FCC considers subsidizing internet connectivity for low income Americans

[Read the post]

1 Like

That should make all the GOP types very happy, after all those moochers are already sponging of the US taxpayers.

[note sarcasm Sirs or Madams]

1 Like

This program was actually started by the GOP so poor people had phones to get jobs with. Back in the day when they at least pretended to try and fix things.


Thanks for the info. I remember when we as a Nation were in it to win it together, back in the ole century.


Next thing ya know, tha guvvermint will be wanting to provide paved streets, and let everybody drive on them for free!


$20 broadband?


A $9.25 subsidy means broadband costs $10-20? Where??? I’d happily sign up for $30 broadband, I’m paying double.


I would like to think in a bigger picture - what would it cost to provide high-speed (50MB/s +) connections to every home, school, and library in the country? Including infrastructure necessary to reach rural areas. I bet the total is less than a couple of F-35s but I’m not sure. Providing access for everyone would have more long term benefit, though, and possibly unpredictable benefits.

We’d of course need to be able to examine the router code for government back doors - but still, what would the nation be like if everyone could communicate in that way?


On a parallel note, let’s also provide basic instruction on how to use the Internet, like they used to do in public school for Driver’s Ed. Show people how to use a keyboard and mouse, make an e-mail account, type and print a letter, search the Web, fill out a basic job application. Many people come to the library to use our free computers, then sit staring at the screen because they have no idea what to do next. Library staff could spend all day (and sometimes does) teaching people this stuff.


Grant some bandwidth to the librarians and the postal service with marching orders to provide fair and free public access. Done.



This is an example of what is going on in the UK- Government funded to provide high speed access to areas that aren’t commercially viable. It’s a Mix of FTTC and some FTTP, with aims of 95% coverage of a high speed product. There is also some work to upgrade the slowest connections- we have a lot of long lines around here!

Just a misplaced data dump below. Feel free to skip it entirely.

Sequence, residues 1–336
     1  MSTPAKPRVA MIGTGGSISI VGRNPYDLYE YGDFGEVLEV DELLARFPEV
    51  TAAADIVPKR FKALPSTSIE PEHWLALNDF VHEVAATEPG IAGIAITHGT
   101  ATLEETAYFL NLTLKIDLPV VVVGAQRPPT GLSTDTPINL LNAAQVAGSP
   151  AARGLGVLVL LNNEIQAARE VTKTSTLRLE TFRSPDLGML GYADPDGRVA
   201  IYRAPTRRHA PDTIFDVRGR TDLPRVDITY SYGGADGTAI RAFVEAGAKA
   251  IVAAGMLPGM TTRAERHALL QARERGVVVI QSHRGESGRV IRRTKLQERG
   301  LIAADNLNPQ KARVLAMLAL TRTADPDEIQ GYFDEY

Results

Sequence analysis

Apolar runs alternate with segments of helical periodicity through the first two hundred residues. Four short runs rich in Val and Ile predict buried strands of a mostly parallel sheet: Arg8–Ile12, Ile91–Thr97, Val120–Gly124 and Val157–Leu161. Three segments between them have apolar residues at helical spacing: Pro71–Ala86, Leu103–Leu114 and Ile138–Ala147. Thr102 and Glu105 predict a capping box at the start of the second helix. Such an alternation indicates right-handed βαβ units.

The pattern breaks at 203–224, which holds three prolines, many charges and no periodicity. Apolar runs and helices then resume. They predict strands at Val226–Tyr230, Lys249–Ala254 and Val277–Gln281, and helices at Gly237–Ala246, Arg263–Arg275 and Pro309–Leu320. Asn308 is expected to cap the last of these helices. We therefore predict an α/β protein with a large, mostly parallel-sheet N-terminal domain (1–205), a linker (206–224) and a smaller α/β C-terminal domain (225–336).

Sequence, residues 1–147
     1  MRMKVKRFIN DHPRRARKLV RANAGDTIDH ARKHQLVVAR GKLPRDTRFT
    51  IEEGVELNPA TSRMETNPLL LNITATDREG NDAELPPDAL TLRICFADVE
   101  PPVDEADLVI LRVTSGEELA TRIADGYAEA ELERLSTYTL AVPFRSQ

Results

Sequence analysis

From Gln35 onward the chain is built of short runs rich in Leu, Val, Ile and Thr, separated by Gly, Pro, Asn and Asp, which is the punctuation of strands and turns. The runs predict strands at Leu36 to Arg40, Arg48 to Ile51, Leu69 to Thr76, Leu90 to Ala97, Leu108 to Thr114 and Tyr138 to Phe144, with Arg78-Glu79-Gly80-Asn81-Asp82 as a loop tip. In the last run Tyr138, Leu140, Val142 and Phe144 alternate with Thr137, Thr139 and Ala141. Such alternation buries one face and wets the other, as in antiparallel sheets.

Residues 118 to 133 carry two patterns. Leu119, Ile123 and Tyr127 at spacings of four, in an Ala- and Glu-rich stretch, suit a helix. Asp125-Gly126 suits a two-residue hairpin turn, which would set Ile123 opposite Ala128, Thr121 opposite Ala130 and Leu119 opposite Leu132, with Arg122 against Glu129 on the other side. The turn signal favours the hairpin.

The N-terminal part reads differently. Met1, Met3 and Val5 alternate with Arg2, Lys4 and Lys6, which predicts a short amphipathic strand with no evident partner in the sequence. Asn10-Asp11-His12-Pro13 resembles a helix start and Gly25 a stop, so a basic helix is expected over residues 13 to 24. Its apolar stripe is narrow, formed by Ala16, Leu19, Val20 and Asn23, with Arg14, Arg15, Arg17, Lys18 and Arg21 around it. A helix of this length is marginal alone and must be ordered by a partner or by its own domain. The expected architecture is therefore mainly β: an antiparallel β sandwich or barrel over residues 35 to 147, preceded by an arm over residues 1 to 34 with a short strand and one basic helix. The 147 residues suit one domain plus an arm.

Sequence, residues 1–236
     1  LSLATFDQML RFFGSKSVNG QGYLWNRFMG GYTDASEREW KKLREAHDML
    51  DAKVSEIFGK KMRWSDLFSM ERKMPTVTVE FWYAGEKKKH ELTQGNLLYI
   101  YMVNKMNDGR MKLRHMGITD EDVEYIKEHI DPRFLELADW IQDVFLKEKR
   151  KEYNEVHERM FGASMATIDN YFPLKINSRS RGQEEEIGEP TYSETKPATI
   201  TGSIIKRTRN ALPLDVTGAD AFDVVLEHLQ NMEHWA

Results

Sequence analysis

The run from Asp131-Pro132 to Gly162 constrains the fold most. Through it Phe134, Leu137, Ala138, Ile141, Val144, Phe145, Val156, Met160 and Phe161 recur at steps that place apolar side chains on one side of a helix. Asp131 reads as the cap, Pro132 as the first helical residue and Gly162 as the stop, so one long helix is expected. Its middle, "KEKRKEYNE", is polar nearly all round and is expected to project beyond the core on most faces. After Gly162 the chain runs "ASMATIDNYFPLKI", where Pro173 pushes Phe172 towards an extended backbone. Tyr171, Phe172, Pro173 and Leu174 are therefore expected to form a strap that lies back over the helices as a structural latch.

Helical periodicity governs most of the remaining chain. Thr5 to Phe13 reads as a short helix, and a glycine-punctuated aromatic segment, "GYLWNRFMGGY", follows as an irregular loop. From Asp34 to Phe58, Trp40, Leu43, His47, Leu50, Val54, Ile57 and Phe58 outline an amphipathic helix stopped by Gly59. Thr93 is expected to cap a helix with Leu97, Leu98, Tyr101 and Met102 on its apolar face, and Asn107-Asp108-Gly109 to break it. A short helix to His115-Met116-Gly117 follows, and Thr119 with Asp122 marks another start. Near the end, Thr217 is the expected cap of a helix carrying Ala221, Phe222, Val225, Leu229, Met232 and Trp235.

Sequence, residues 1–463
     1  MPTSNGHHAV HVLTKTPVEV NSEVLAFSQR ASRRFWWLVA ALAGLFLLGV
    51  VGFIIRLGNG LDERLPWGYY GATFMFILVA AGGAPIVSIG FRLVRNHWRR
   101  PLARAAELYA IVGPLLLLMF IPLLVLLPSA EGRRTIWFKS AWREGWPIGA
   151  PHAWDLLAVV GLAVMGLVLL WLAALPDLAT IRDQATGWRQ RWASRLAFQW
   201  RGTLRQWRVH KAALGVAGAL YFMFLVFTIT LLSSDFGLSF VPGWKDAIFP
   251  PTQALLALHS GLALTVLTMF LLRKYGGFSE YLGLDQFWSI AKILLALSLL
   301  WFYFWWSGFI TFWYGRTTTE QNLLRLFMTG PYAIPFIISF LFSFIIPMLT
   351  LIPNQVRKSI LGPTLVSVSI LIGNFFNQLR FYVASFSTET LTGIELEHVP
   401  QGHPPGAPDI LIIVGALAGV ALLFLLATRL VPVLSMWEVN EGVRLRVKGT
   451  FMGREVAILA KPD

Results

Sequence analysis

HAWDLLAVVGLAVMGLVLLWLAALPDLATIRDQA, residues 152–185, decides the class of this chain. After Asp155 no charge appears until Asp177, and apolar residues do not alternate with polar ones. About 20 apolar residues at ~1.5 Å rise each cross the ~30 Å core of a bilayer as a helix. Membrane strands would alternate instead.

This is covering two predominantly rural counties, and roughly estimated at 100,000 premises and with a cost of £65 million, so a very rough figure of around £650 per premises (~$1000).

Obviously some parts of the states are much more sparsely populated, but using that figure and the total number of households (Excluding businesses) gives you $133 billion, so around a third of the F-35 program cost! ( Or maybe around 10%, depending on what ‘program cost’ actually means. What a clusterfuck.)


Just this morning I heard a story about the local housing authority requiring people who’d applied for assistance to reapply online. It makes sense that people who need help getting housing need help getting internet access–if they’re not caught in a catch-22 of not being able to get housing because it’s hard to get online.


You had to poke where it hurts, didn’t you?

God, what a mess.


The FCC could do better. Wifi is free in Havana, Cuba.


Healthcare and internet access for the poor?! Next thing they’ll want is clean water. I’m starting to lose my elite status.


Yeah, we just got FIOS and I thought $50 for 50/50 Mbps is a good deal.


Many years ago when I was on unemployment, before you could do your weekly paperwork online, I found it funny/not funny that the damned envelopes weren’t postage paid. I mean it’s not like stamps are expensive or anything, but when you’re dependent on unemployment, it’s kind of a dick move to require it.


TWC has their “everyday” value internet (which is a kickass 2Mbps) for $14.99.

Ah, see…I’m in Comcast land.

I like to tell my right wing friends, “when you read ‘F-35’, think ‘Solyndra, with a canopy’.”

A surprising number of them agree.